First Lines: I always knew I was different. When I was three years old, I sat down at the piano and played Chopin. Mom claims I heard it the week before in a hotel elevator. I don’t know where I heard it. I just knew how to place my fingers on the keys…how to make them move.
Sometimes, there’s a book that just strikes you, you know? Like it all comes together in a perfect storm that makes you just want to read it. For me, it was this: perfect cover, interesting blurb, and simple fascination with the plot.
Davy Hamilton has been known as many things: musical prodigy, girlfriend of the most popular boy in school, geek. Never did she expect to be known as a killer…especially when she hasn’t killed anyone! But Davy is a carrier of HTS–Homicidal Tendency Syndrome. She may not have killed anyone yet, but the test says she will. No one knows how to act around her anymore. The only person she can turn to is Sean, a fellow HTS carrier. She’s not sure if she can trust him, but maybe he’s not as dangerous as he seems. Or maybe she’s just as deadly.
Holy Zeus, this was the most frustrating book I’ve read in ages. (And I mean that in a good way! I’ll explain soon.) It’s been quite some time since a book as made me feel this confused, hopeless, and helpless. There were times I truly wanted to take out my frustration by punching a wall or pulling out my hair.
Why, then, do I say it’s a good thing this was so frustrating? Because it means the writing is fantastic. I mean, from like the 2nd chapter, I was Davy. There was no separation between me and her. We were the same…when I could actually handle my frustration long enough to read the book.
There was so much that was frustrating. As soon as someone is labeled as having the “kill gene”, they are isolated from everyone they know and their lives ripped away from them. They are treated as subhumans. If they make even the most innocuous remark (“I’d kill for a cheeseburger!” or “Are you looking for a knuckle sandwich?”) or the most innocent gesture that could be taken as a threat, they are immediately labeled as dangerous killers and tattooed to show how dangerous they are. It was so frustrating that any expression of emotion could be construed as a threat. And there were a lot of emotions swirling around in me and in Davy that needed to be expressed.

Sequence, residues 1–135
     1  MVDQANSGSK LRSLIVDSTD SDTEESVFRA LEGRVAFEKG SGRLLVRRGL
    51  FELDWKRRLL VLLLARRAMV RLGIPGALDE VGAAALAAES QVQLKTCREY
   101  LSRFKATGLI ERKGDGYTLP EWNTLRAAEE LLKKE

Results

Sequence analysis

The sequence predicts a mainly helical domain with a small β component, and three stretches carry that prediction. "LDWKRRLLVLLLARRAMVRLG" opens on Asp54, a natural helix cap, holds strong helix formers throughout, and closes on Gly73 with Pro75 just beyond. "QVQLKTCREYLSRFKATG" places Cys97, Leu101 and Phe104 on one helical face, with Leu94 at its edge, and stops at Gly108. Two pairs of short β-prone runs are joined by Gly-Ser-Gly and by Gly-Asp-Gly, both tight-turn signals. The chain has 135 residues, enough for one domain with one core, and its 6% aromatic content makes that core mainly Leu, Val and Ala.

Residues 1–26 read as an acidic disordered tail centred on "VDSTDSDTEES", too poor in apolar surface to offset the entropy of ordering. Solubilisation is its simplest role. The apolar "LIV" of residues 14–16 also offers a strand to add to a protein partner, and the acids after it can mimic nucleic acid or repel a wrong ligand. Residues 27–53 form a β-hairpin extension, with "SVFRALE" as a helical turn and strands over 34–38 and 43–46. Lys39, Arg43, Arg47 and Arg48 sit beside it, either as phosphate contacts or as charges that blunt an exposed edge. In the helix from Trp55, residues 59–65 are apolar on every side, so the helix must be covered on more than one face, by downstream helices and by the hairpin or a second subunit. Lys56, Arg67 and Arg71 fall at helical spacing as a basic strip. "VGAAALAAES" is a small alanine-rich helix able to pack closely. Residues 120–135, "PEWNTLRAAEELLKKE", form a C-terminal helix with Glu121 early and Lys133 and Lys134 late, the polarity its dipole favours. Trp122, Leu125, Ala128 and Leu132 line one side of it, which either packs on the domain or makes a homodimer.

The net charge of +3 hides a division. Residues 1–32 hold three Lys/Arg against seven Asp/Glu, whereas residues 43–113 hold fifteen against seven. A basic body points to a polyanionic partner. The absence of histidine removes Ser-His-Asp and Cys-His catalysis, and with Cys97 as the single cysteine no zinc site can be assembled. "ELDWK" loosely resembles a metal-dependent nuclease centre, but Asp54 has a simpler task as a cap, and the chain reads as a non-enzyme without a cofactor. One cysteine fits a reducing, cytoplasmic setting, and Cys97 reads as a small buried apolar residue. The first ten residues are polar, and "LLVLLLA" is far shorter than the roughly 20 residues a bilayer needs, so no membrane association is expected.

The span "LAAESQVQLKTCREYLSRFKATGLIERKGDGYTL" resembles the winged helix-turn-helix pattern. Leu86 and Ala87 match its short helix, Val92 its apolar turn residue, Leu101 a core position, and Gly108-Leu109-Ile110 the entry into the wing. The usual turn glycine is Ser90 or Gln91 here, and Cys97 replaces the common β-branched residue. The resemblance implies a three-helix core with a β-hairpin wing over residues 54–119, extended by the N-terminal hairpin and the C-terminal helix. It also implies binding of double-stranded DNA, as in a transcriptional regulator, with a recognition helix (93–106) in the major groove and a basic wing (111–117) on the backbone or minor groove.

Davy was the perfect heroine for this book. In the beginning, she’s a model citizen: an A student and a prodigy accepted to Julliard. She’s normal. And then HTS happens. Her friends abandon her, her rights as an American citizen are revoked, and that life she had planned for herself is now completely gone. She was really easy to sympathize with. And even when everything shattered around her, she still retained her strength.
Sean was definitely an interesting character to throw into the mix. He’s very mysterious and secretive, but there was something about him that I tended to like right from the get-go. I’m interested in seeing more of him in the next book.
Overall, it was a very gripping read. Just be prepared to feel outrage on Davy’s behalf!